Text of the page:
I cannot be the only one in the world who wonders sometimes who on earth writes the news scripts?
This week's corker has to go to the radio news reader (shamefully I can't remember what station as I was just flicking to find news of any sort) who came up with this faux pas after an emergency landing by an aircraft due to the death of the pilot in transit:
" the plane landed safely at x airport. No-one was hurt in the emergency landing...........(pause)........except the pilot of course."
At bookclub this month we have just discussed "The Spirit Catches you and you fall down". If you haven't read it, it is well worth the read. A book written by a journalist who followed the life of a little Hmong girl with epilepsy and her family. They move from Laos to the US whereupon it is discovered that this little girl has epilepsy. In the Hmong culture, epilepsy is seen as a gift, it is described as the title. Many shamen have this gift. Anyway in America epilepsy is seen as a medical condition that is treatable. However, neither her parents speak English or read Hmong nor at the time were there interpreters. There is a real cross fire of culture and in the end, by whatever means, the little girl eventually becomes so sick that she doesn't recover and remains from this day forth, in a vegetative state. I shan't give too much more of the book away, suffice to say that I found it very impressionable. Whereas initially it is so easy to "judge" from a western stance, ie: were the Hmong stupid not to take the tablets, surely they must know that medicine was the only help for her, of course the doctors were right; in more depth it is actually incomprehensible to really understand HOW the Hmong felt about this and why. This culture is so far removed from any of our pre-conceived ideas of technology, medicine, illness and even hierarchy, that it became a book that certainly I (not sure any of my fellow bookclubbers remained with my by this point!!) started seeing from, if you like, a levitational view. I really knew that I could never understand why this happened and to be honest, I don't think I was meant to, but it really helped me open my eyes. It was well written, the author had certainly got to a certain degree of intimacy with the Hmong, and reported the history and the facts as such, but had she understood them, no, absolutely not, and she won't, just as had a Hmong written the book they would never have understood it from a Western POV.
That said, if you like books that make you think outside the box, ie: this is not a particularly easy read, it is also written in a very journalistic way too, then try it.
The other "bee" in my bonnet this week is an article in the http://www.telegraph.co.uk/news/main.jhtml?xml=/news/2007/01/10/nschools10.xmlTelegraph in the UK about the call to scrap catchment areas for schools and basically to draw names out of a hat for intake for schools. I can see what they are trying to achieve by doing this: ie a mixed intake so that lower socio-economic areas are not necessarily going to be the lower achieving schools, house prices remaining more constant because there will be less desire to move to a good school catchment area etc but my problems with it are thus:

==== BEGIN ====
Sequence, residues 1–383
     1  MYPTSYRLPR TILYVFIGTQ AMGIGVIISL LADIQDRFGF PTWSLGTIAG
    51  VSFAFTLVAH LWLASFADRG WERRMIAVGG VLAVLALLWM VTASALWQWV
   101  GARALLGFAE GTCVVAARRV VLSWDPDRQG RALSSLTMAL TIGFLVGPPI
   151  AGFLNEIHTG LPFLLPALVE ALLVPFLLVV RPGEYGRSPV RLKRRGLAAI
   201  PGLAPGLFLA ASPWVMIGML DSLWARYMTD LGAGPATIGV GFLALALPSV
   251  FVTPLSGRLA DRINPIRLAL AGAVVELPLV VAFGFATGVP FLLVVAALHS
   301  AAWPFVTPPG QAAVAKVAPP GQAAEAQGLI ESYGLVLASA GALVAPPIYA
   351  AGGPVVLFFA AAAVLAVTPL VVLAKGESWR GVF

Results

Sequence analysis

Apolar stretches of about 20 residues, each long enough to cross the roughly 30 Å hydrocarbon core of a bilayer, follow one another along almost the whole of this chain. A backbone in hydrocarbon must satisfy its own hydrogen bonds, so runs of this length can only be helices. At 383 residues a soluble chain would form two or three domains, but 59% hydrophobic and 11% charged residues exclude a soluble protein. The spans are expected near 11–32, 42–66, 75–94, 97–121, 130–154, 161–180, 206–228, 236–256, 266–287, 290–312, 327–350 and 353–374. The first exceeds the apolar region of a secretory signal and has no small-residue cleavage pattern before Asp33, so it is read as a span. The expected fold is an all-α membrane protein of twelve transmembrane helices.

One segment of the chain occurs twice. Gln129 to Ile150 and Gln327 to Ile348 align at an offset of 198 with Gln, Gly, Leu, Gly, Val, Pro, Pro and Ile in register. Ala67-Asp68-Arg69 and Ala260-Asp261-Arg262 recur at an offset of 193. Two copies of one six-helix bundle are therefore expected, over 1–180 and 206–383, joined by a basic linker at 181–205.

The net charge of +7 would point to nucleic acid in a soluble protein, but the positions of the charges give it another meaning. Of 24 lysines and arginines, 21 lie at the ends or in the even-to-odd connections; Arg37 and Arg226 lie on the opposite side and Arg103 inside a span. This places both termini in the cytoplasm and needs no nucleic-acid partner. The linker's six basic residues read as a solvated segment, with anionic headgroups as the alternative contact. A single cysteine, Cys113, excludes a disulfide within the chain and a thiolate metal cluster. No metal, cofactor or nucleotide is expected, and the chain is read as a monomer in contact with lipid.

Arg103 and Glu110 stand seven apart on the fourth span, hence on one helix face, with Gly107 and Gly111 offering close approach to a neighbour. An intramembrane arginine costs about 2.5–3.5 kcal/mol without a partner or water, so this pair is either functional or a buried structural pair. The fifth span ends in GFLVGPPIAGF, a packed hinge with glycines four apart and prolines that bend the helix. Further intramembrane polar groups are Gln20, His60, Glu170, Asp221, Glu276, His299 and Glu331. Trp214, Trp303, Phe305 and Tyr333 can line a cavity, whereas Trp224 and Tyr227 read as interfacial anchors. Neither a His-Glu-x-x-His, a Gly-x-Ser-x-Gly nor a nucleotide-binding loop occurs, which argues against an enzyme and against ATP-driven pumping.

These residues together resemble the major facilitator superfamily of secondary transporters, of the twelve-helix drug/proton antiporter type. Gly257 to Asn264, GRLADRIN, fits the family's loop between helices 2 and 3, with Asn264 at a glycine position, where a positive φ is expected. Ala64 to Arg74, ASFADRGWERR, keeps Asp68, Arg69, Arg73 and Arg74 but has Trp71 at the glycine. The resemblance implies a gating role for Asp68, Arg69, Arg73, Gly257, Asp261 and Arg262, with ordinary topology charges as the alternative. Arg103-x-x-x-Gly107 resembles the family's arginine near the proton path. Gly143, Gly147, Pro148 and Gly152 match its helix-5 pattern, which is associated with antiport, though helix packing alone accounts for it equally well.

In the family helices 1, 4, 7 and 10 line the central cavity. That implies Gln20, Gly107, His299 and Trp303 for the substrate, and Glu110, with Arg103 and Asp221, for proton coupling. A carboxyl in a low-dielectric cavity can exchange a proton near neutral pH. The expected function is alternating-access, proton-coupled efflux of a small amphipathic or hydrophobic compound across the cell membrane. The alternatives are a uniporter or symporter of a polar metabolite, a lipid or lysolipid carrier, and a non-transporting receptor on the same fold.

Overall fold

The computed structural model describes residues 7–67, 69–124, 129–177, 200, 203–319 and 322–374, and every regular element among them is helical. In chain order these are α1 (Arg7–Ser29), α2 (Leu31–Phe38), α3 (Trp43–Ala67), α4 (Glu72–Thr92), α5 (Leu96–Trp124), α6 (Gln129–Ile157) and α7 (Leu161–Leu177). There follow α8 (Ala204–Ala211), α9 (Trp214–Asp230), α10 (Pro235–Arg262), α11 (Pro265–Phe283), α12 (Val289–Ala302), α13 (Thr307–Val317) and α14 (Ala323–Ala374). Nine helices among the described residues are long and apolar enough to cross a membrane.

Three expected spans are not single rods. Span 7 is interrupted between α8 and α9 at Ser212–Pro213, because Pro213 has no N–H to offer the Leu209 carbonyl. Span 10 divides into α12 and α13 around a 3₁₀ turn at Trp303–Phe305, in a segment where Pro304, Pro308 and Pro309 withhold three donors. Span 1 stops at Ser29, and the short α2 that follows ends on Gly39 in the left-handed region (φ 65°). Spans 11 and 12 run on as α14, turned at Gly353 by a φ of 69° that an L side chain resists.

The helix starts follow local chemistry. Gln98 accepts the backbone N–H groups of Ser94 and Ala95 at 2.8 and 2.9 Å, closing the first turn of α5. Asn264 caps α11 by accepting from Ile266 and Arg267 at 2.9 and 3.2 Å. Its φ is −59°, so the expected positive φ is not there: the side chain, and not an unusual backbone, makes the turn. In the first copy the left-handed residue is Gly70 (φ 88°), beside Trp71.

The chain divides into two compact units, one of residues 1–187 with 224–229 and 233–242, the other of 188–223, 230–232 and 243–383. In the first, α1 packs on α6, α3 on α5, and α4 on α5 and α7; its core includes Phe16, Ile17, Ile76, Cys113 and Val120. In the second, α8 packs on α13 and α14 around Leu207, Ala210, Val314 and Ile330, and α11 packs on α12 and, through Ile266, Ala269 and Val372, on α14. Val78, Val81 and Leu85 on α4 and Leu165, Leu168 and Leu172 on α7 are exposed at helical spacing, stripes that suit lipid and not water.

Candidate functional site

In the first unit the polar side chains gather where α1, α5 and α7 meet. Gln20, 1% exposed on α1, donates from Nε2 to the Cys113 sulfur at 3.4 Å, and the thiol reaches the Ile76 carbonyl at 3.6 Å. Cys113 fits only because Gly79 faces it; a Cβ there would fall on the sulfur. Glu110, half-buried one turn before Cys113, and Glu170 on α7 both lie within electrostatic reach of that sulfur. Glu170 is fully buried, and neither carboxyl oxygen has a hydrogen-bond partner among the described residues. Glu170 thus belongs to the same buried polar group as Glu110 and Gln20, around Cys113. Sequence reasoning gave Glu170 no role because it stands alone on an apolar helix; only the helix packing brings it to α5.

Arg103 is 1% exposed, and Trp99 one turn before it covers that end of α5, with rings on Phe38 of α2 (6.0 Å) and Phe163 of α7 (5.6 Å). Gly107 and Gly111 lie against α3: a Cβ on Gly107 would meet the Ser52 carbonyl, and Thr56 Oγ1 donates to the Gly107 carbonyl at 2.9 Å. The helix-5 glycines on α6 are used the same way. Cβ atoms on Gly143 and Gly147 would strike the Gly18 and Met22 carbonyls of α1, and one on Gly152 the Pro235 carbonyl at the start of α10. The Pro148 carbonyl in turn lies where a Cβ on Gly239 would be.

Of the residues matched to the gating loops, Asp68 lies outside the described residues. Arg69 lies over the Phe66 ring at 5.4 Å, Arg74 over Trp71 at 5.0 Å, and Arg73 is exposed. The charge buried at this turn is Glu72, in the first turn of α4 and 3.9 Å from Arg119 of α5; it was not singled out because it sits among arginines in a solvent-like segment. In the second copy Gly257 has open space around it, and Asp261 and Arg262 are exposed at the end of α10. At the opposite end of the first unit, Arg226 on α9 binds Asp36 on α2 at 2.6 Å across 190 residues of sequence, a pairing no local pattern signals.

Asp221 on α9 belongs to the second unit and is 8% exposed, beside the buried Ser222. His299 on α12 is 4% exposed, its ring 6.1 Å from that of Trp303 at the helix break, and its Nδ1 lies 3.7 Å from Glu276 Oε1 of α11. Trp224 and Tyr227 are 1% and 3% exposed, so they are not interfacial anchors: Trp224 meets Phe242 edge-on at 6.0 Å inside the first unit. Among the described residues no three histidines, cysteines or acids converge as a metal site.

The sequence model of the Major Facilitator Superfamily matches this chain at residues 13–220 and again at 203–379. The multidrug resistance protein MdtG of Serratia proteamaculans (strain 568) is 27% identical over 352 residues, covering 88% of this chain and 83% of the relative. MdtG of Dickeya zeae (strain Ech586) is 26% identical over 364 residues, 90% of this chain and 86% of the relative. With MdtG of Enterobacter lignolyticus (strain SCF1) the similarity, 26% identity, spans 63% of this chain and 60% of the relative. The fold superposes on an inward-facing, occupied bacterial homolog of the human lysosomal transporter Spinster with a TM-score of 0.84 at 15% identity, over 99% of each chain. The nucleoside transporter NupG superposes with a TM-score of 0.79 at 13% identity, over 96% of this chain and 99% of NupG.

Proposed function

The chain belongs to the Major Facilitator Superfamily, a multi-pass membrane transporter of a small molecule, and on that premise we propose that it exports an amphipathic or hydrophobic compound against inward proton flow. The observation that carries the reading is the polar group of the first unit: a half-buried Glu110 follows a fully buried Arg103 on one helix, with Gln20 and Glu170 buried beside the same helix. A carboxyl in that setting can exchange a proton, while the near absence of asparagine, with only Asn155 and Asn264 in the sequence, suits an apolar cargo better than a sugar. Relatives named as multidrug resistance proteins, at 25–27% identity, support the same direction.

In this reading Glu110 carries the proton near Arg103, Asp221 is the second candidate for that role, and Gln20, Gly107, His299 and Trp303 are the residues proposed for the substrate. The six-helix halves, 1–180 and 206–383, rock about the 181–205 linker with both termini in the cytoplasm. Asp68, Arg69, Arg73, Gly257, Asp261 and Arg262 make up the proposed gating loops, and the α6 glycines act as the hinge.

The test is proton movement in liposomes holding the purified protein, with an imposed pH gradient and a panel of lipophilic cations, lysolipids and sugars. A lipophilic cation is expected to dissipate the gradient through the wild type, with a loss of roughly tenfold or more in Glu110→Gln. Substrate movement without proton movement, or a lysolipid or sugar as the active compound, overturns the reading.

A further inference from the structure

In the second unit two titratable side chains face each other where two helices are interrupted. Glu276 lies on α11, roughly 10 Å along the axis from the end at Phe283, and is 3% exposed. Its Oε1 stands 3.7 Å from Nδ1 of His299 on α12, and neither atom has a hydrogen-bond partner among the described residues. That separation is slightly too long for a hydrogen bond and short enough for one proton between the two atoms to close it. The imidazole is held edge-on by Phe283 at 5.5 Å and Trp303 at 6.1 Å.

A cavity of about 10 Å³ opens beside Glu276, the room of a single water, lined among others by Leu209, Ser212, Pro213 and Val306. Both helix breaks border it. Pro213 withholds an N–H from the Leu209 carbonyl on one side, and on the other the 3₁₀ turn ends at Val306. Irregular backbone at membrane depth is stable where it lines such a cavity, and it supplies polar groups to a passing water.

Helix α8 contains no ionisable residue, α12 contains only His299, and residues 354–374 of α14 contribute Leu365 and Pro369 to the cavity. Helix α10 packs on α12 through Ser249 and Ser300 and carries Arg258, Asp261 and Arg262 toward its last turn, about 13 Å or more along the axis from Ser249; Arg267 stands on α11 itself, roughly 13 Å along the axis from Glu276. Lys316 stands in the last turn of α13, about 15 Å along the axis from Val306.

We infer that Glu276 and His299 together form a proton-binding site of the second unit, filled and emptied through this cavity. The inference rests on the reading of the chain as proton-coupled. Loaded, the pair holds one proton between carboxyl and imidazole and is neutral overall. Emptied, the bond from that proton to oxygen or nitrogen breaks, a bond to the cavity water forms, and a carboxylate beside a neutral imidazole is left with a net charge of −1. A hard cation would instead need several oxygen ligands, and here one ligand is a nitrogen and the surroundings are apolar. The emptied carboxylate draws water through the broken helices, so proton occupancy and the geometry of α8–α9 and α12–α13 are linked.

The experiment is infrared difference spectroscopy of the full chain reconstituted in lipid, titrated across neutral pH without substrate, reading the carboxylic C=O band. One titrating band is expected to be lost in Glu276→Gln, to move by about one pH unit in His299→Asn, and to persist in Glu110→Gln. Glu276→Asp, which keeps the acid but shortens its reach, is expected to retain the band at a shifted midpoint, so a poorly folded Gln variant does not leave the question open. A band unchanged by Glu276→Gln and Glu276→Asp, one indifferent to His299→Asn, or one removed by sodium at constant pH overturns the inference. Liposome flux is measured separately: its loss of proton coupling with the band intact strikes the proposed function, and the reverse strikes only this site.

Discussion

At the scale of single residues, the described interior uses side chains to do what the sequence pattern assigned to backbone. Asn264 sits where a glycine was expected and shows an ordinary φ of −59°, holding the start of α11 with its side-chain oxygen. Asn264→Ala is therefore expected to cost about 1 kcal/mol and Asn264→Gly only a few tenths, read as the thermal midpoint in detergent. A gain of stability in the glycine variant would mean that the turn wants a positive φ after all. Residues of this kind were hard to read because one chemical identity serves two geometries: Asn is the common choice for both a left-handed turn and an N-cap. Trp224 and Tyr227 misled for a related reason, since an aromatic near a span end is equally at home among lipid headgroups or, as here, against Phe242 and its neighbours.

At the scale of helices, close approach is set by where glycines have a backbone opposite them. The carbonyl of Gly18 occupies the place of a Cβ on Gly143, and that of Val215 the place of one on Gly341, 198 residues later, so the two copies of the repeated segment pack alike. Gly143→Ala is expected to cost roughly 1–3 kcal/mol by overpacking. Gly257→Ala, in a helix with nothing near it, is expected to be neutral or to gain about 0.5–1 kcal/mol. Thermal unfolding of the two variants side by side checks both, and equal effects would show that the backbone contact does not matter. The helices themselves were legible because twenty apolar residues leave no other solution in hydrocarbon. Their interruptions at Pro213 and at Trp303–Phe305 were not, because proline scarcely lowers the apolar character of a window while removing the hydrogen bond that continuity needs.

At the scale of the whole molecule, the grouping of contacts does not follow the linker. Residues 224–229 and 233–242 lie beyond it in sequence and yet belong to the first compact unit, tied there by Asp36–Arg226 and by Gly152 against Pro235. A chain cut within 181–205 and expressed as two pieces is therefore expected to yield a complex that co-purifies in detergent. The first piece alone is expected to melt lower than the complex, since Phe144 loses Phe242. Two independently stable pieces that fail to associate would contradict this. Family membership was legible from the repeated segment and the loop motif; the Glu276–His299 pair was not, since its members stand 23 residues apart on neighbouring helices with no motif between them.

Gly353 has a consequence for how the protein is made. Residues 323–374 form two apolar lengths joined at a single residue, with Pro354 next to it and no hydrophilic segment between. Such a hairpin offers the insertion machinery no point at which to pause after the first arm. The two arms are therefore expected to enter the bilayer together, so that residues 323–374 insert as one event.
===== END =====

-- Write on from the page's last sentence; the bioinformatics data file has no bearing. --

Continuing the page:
1. A good school is not solely down to the area. A good school comprises, in my opinion, of a good strong headteacher, motivated staff, funding, a mix of pupils who are inspired.
2. What about people who do live, and have always lived, within walking distances of local schools that they are more than happy and expect their children to attend, they have to get into cars, add to the pollution and traffic and parking problems to drive 4 - 5 miles across town to a school where their child's name HAS been drawn.
3. Private schools are going to be oversubscribed and thus this will eventually have a knock on effect for funding for state schools ie: less pupils= less capital = not achieving #1 in my list!!
4. People are always going to "change religion", move to a good catchment area or bend the rules to ensure as much as possible that their child gets the best possible education.
It's crazy. I am sure my parents never had the problems that my generation are now facing. Our house in the UK backs onto a school, currently we will presume that our younger two will be offered places there. We hope T will, but as his entry will be to Y5 it may be harder and he doesn't really fit into this argument, he is a different case. That said, if either of the others don't get in, we are lucky as the next options locally are also excellent schools but I will be fulfulling #2 and driving 3 miles to a different school - madness! In our area in the UK a lot of the problem is down to the fact that they are building more and more houses and not keeping the amenities up so that everyone is accomodated. Before we left for overseas, they had already knocked down one house three doors down and built three teeny tiny postage stamp sized town houses in it's place, so now as a minimum there are three (but probably 6 or more) people living in the same sized plot as 1 or maybe 2 were before!! There are or maybe have been 60 houses built on wooded area all of which are "family" houses so that is another 240 people to get into the already oversubscribed doctor's surgery and 120 more children probably to get into the local school that attaches to my house...........
Would we pay privately to ensure them a good quality of education if we were in a situation where our next offering of school was crap - probably, yes, because we could if we tightened our belts but why should we? and what happens to people who can't?
Maybe all this money spent on developing lovely wooded natural land could have been spent on schools or amenities? Nah, of course not, at the end of the day, that won't line some business man or politician's pocket so s/he can continue to send his/her children to a private school away from us riff raff.